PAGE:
Through my research I seek to create spaces for the encounter between academic research, creativity and new audiences. Translation, and its production in a new time and space, is the medium for this work, and performance is the place for creating new audiences. My most recent research is preoccupied with how ideas and ideologies cross history, how voices from seemingly culturally extreme and distant experiences intervene poignantly in our here and now. By studying the complex processes of movement of the work of dramatists and poets from the Southern Cone to our present, I trace the powerful afterlife of voices that continue to offer languages for our times.
My research explores how female theatre practitioners from Uruguay act as agents of cultural change in the arts and in society. I focus on theatre and performance created in a diverse range of spaces by analyzing and translating the works of dramatist, Raquel Diana, and performance artist, Hekatherina Delgado. I examine how their work acts both as a way for female practitioners to gain visibility and as way to raise awareness of the experience of women, particularly in relation to gender violence. My project explores how digital platforms enable the work of these artists to enter into dialogue with discourses surrounding women’s rights throughout Latin America and beyond.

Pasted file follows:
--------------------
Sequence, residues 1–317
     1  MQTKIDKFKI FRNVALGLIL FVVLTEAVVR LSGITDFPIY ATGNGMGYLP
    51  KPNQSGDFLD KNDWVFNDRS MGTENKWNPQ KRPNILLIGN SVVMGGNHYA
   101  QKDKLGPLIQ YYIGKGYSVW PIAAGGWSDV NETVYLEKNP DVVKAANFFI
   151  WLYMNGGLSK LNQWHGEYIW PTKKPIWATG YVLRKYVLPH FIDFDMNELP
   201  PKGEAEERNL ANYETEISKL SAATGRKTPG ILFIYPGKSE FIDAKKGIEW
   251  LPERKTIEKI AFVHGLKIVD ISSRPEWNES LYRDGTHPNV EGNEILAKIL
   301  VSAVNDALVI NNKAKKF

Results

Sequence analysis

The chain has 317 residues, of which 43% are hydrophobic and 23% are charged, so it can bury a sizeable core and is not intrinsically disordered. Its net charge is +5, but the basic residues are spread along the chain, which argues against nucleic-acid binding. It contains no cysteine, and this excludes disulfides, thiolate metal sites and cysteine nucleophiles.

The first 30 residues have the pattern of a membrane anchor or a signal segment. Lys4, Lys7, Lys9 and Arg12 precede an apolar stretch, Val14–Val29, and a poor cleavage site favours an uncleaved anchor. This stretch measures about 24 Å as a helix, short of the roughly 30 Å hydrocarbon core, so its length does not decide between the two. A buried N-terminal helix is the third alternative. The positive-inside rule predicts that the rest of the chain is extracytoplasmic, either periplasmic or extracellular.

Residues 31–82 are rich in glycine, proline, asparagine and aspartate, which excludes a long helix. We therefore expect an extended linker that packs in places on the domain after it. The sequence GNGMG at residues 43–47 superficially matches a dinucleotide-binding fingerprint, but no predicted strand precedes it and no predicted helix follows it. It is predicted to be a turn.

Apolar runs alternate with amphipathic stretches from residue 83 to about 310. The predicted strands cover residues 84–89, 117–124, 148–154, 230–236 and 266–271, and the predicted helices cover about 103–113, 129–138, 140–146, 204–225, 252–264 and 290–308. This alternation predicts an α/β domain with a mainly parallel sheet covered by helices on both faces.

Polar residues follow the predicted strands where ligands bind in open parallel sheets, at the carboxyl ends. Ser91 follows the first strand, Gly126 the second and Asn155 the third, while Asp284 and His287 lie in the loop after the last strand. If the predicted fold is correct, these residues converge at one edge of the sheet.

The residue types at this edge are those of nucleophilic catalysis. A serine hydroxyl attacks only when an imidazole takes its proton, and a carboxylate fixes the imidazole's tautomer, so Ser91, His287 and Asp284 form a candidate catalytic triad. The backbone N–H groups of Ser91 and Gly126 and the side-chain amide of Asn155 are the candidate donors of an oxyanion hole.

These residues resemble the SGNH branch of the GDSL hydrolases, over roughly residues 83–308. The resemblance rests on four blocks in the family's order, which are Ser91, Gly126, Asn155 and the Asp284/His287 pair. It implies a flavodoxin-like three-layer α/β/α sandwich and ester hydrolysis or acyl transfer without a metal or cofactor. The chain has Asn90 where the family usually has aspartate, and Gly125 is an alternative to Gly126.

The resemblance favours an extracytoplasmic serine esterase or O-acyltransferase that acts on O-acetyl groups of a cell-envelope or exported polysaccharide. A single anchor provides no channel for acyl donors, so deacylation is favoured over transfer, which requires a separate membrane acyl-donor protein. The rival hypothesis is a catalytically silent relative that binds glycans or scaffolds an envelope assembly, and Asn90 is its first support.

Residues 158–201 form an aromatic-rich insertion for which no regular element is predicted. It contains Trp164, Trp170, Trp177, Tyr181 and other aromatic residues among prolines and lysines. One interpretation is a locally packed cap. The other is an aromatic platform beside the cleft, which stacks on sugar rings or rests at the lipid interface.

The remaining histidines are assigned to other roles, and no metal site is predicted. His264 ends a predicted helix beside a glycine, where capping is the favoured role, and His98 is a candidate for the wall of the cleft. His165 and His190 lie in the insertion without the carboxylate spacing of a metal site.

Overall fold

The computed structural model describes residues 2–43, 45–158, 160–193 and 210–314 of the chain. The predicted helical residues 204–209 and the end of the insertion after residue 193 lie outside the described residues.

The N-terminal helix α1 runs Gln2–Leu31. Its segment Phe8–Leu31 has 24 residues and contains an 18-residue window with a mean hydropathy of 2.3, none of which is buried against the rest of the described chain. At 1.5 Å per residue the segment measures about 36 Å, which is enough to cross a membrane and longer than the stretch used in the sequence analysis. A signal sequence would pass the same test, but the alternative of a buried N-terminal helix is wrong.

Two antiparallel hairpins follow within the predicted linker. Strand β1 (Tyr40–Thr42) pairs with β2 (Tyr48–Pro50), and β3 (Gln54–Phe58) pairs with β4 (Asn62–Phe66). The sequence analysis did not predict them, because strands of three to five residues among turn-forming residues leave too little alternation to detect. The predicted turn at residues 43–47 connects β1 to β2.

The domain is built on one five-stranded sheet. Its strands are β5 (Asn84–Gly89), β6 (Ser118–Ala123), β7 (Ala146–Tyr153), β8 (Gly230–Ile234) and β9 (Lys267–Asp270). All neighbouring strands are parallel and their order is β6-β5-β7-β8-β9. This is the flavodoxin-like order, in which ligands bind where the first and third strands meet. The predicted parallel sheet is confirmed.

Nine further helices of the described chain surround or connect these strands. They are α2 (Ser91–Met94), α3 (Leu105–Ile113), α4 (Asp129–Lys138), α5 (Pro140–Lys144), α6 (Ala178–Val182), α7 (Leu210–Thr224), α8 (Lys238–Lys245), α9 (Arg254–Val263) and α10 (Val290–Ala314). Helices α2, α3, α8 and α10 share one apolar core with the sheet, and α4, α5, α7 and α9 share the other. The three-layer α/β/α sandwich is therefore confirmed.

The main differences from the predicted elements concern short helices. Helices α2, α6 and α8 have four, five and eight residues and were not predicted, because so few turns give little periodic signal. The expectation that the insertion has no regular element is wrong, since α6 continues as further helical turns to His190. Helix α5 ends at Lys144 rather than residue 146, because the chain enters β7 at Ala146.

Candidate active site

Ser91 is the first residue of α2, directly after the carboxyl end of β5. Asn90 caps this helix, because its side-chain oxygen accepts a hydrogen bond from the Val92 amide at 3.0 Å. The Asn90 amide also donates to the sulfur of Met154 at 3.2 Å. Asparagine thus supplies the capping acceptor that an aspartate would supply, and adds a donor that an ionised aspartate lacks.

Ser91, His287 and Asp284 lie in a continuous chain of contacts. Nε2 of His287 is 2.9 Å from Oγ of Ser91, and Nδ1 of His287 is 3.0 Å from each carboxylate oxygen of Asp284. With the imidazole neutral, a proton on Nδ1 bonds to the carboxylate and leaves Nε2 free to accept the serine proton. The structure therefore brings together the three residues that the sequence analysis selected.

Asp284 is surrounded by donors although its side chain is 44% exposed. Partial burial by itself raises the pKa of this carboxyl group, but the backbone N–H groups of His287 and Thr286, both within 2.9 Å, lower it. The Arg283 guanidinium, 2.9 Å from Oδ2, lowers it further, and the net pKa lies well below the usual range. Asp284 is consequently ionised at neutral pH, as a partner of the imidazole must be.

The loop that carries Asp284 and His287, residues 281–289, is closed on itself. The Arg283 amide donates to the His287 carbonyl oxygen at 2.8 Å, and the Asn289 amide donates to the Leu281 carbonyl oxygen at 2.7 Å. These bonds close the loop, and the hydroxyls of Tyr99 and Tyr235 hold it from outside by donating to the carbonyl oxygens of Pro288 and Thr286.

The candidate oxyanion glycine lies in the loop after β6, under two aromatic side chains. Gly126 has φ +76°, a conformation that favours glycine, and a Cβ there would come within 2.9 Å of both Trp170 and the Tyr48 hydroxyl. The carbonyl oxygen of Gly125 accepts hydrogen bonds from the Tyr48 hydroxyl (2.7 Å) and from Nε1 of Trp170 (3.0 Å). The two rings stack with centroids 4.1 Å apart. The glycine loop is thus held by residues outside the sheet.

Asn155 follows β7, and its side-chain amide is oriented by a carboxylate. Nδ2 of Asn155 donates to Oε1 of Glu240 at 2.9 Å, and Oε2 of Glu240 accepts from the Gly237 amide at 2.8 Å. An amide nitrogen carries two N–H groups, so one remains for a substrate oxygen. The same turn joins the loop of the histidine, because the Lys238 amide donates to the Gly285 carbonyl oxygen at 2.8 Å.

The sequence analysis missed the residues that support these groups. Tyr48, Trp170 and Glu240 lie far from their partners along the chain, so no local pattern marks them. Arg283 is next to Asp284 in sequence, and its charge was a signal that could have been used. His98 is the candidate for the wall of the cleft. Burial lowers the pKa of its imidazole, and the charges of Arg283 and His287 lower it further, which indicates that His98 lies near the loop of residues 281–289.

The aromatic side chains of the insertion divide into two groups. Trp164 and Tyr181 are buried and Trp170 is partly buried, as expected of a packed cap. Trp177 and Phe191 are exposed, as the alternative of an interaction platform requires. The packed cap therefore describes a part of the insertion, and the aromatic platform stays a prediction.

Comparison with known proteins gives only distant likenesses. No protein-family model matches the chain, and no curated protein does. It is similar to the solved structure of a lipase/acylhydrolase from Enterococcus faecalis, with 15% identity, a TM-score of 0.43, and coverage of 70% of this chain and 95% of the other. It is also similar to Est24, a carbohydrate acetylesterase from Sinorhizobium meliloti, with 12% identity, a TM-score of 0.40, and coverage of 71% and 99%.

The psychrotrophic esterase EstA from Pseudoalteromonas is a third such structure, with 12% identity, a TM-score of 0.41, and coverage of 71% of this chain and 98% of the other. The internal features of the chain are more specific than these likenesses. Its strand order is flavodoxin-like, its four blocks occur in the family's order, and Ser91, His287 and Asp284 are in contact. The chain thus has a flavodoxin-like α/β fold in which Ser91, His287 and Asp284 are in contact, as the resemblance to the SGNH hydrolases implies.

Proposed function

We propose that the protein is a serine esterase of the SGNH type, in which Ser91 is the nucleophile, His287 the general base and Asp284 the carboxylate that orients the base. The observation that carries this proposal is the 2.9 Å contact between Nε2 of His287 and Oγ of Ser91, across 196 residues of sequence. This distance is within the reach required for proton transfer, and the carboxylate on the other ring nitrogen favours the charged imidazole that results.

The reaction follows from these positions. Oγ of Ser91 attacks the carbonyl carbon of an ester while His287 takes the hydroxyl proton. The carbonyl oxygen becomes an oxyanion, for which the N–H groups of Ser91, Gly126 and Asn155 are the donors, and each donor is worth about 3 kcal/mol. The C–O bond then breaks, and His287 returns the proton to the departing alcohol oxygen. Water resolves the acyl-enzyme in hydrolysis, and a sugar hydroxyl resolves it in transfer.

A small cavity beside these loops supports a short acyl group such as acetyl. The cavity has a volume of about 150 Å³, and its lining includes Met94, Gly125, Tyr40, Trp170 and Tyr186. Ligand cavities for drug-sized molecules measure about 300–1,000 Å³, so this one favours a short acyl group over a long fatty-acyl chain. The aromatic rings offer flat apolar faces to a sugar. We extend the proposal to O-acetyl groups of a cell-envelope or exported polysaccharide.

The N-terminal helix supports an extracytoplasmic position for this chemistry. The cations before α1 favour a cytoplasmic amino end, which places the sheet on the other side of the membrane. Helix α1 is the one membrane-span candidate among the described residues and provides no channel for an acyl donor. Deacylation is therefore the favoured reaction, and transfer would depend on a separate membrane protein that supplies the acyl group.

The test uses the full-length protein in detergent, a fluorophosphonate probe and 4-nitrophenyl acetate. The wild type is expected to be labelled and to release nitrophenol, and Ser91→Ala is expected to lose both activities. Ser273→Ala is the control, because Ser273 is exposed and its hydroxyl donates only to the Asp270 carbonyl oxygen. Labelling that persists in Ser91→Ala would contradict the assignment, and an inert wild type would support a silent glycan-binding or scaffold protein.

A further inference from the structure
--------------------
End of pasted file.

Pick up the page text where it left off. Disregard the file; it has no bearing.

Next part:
At the heart of my research is the relationship between people and the places they inhabit away from home. As Sarah Ahmed suggests, ‘community comes to life through the collective act of remembering in the absence of a common terrain’. Working in collaboration with the community at the Elephant and Castle shopping centre, my aim is to assemble a corpus of testimonies, narrations, and songs that seek to embody the double estrangement this community is currently experiencing in the light of the centre’s imminent demolition. The role of language as a mediating agent in reshaping and re-imagining shared experience is central to this investigation.
Translation is at the core of the anthropological and poetic writing of José María Arguedas. Focusing on two texts from 1938-1948, my research studies Arguedas’s writing as characterised by movement, multiplicity and translation, rather than by genre or discipline. Using translation as a form of close reading, I explore the agency of language and movement of key terms in a collection of articles published in the Argentine newspaper La Prensa (1939-1948). Canto Kechwa (1938), an anthology of translated songs published in parallel text, highlights the presence of the oral indigenous language Quechua on the page. I trace this presence in my research, learning the language myself and developing key concepts and practice through translation and analysis.